Seeds and Birds

WITH HERITAGE FRUITS & VEGETABLES arousing strong interest, maybe it’s time for a few words about seed saving.  First, ignore hybrid and GMO fruit and vegetables, which are often deliberately sterile.  Then pick the fullest, plumpest seeds from the largest, most perfect fruit and seed-bearing vegetables available.  Dry the seeds between layers of cloth or paper towels, in a dark cool dry place.  Put the dried seeds in paper envelopes that are labeled by variety and date.  Then store until spring out of sunlight, in a place protected from moisture and freezing.  If you’re in any doubt about the viability of seed, you can test by sprouting a sample.  Immerse in water overnight, then spread out on cloth or paper towels, cover and mist for several days. – PH

“The greatest country, the richest country, is not that which has the most capitalists, monopolists, immense grabbings, vast fortunes, with its sad, sad soil of extreme, degrading, damning poverty, but the land in which there are the most homesteads, freeholds—where wealth does not show such contrasts high and low, where all men have enough—a modest living—and no man is made possessor beyond the sane and beautiful necessities.”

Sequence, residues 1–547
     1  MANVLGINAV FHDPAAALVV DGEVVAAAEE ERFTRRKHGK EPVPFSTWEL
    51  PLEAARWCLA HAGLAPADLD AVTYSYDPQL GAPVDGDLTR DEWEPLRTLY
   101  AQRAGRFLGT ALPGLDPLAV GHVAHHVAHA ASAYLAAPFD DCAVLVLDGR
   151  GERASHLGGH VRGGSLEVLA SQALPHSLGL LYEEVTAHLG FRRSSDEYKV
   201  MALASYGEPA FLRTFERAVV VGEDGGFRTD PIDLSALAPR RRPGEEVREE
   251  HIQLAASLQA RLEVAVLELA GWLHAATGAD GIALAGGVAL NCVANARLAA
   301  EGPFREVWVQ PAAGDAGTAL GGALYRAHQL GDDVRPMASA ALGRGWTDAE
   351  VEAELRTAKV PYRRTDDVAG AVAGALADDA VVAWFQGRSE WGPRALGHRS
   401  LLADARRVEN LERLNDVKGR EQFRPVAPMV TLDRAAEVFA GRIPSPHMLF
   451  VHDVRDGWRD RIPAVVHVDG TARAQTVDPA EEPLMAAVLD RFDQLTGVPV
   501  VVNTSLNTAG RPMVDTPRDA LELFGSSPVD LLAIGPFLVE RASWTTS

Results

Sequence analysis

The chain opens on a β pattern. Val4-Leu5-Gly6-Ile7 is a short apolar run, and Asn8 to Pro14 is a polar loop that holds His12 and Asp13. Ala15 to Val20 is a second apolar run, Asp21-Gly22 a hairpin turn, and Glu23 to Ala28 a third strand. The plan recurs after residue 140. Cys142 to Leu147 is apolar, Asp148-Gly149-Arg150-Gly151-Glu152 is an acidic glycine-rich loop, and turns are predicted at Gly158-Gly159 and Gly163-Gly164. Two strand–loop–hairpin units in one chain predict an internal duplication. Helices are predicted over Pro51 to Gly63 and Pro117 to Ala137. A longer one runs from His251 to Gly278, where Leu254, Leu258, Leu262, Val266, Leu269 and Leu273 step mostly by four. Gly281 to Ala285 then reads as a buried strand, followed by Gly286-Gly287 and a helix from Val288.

- Walt Whitman

Coming in the Winter 2015 Small Farmer’s Journal 

Mules – Onions – Training Pack Animals –  Farming Ladder Part Two Sheep – Pigs – Sharpening Plow Points – Apple Cider Making – Heather Smith Thomas – Grain Binders  -  Diversified Farming  -         Farming; Food is the Objective 

 

 

ENCOURAGING THE BIRDS: We all know how much good they do, that the birds are our first line of defense against many insect pests.  That some species eat their weight in bugs every day.  So consider building bird houses, bird feeders, birdbaths, planting sunflowers and other plants that produce seed the birds like.  Research information on sizes and materials of bird houses, to suit the species you have.  And consider creating and enhancing habitat, planting trees and shrubs and berry canes along fencerows and garden walls, that will keep birds close to the fields they can help you with.  It might be fun to pick a kind of bird you particularly like, and try to create a come-hither, a haven for martins or catbirds, wrens or phoebes, barn swallows.  And put bird houses high, and a bell on your cat. – PH